MP Muhammad al-Saqar told Kuwaiti demonstrators gathered in front of the parliament late on Tuesday after parliament passed a controversial motion to refer an electoral reform bill to the constitutional court: “We have decided to question the prime minister.”
The attempt to question the prime minister, Sheikh Nasser Mohammed al-Ahmad al-Sabah, a member of the ruling family, could set the stage either for the dismissal of the cabinet or the dissolution of parliament by the emir.
“The questioning would be withdrawn only if the government backs off and presents the (electoral reform) bill of five constituencies,” al-Saqr said.
He named the three MPs lined up to quiz the prime minister as Ahmed al-Saadoun, Ahmed al-Muleifi and Faisal al-Muslim, an Islamist.
“The questioning would be withdrawn only if the government backs off and presents the (electoral reform) bill of five constituencies”
The opposition MPs will present their request to the parliament speaker Jassem al-Khorafi on Wednesday, Islamist MP Waleed al-Tabtabai said.
Later, the prime minister sent a conciliatory signal saying the government was “prepared to discuss any fresh proposal by MPs” and to halt sending the election bill to court. He appealed for resolving the issue through dialogue.
Kuwait’s parliament had passed a controversial motion to refer an electoral reform bill to the constitutional court amid a boycott by reformist legislators who want to stop alleged vote-buying.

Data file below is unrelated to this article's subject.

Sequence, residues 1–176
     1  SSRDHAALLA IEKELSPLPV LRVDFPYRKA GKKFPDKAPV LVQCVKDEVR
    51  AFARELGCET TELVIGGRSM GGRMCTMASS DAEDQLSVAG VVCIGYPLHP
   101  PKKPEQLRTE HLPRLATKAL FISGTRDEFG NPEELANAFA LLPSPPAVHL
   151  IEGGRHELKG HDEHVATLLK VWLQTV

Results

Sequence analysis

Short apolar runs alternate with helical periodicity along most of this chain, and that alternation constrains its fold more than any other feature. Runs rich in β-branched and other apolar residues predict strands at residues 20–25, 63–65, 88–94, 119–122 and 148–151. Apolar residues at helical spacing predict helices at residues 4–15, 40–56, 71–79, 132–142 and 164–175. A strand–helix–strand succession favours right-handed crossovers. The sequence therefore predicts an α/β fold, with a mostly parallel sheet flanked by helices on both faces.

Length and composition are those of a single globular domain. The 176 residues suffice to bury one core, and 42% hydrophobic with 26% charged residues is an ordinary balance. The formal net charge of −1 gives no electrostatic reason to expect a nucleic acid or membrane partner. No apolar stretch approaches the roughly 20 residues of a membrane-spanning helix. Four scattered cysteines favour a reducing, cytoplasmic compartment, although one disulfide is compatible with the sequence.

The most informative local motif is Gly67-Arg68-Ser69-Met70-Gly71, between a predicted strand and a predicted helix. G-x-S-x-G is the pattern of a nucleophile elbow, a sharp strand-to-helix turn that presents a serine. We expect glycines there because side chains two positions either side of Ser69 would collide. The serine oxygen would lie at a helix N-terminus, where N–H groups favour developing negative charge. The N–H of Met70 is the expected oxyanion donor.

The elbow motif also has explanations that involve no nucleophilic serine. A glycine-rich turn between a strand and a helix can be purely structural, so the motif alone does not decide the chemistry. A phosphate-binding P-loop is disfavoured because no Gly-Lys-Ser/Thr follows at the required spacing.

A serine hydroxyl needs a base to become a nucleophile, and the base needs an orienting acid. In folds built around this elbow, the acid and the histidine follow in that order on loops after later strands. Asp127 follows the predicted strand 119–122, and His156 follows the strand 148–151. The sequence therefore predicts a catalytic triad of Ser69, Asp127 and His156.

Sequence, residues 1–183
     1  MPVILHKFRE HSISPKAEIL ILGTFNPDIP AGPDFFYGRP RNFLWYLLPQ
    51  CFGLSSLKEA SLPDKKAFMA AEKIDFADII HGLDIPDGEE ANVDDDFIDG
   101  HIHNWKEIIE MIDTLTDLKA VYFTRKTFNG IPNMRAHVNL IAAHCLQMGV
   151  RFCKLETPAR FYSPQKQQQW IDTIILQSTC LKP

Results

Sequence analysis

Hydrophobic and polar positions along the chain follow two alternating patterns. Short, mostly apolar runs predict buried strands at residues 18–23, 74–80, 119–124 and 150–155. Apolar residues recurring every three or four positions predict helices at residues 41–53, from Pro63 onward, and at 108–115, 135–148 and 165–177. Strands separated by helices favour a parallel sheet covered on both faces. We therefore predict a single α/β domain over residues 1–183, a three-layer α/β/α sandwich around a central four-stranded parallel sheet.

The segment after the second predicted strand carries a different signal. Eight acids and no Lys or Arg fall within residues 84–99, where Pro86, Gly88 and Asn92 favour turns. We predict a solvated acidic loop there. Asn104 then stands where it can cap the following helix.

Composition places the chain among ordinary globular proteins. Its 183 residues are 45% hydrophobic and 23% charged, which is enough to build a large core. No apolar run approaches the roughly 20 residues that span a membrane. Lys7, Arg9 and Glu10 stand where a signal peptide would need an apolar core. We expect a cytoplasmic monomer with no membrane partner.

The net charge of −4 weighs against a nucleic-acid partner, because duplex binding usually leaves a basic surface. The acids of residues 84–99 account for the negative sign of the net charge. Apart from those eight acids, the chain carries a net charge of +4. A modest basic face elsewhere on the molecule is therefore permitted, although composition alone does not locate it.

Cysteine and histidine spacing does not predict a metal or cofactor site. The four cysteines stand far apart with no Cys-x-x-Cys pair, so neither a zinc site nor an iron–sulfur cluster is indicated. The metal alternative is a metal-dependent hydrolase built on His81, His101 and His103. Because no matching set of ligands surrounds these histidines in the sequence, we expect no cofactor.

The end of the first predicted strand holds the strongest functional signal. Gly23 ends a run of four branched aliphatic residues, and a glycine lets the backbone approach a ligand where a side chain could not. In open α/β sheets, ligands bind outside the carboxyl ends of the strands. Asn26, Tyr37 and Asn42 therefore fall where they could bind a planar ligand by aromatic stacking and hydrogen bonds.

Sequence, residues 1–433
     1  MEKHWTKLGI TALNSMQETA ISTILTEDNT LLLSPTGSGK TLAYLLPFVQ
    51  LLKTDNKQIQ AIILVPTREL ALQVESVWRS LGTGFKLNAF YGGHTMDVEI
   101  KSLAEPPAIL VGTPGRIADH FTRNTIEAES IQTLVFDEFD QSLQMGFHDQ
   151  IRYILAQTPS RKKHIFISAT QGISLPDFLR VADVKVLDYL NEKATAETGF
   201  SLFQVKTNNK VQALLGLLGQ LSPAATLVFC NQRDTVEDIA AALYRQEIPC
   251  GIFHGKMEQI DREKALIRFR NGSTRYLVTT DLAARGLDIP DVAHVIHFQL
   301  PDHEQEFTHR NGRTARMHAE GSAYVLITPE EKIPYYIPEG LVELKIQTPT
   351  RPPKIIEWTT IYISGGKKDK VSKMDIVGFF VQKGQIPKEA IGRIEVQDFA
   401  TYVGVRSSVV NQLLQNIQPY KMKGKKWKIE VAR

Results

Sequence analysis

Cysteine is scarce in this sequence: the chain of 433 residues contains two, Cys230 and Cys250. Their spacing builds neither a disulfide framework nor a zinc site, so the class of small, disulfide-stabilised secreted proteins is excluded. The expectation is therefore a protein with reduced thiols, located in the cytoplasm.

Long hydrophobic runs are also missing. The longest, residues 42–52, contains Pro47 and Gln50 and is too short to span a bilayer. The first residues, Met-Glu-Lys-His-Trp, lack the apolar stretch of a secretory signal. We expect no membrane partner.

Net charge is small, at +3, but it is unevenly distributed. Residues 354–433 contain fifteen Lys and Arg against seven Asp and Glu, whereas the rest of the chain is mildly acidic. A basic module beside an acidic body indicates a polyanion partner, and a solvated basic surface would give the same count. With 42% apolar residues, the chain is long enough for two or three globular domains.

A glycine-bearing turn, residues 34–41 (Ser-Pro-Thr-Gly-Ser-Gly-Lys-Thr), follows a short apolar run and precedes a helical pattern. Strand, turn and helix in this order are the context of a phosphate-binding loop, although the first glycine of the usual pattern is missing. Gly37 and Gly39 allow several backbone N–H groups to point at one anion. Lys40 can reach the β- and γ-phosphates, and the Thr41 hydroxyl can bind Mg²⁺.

Thirty-three policy-makers, including 16 cabinet ministers, voted on Tuesday in favour of the motion submitted by the conservative and the tribal policy-makers the previous day.
Their vote caused a walkout by reformist members of parliament in scenes unprecedented in the conservative Gulf state.
Only parliament speaker Jassem al-Khorafi voted against the motion.
About 30 reformist policy-makers gathered outside the parliament, where hundreds of members of the elite special forces, armed with batons, were deployed to stop the public from entering.
Kuwaiti reformists have staged
Parliament broke up in chaos on Monday when the reformers walked out as voting began on the motion to refer the government-backed bill, reducing the number of constituencies to 10 from 25, to the constitutional court.
The reformist MPs want to go further and reduce the number of constituencies to five, in an attempt to fight vote-buying and other irregularities they say marred Kuwait‘s last general election in 2003.
They were angered by the government’s change of heart and support for the conservative-backed motion, staging their walkout amid cheers from the gallery.
Reformists’ supporters rallied outside the parliament on Tuesday chanting slogans demanding that electoral districts should be cut to five.
The boycotting MPs met after the vote to decide their next step, with several saying one of their main options was to seek to intensely question the prime minister, Sheikh Nasser Mohammad al-Ahmad al-Sabah.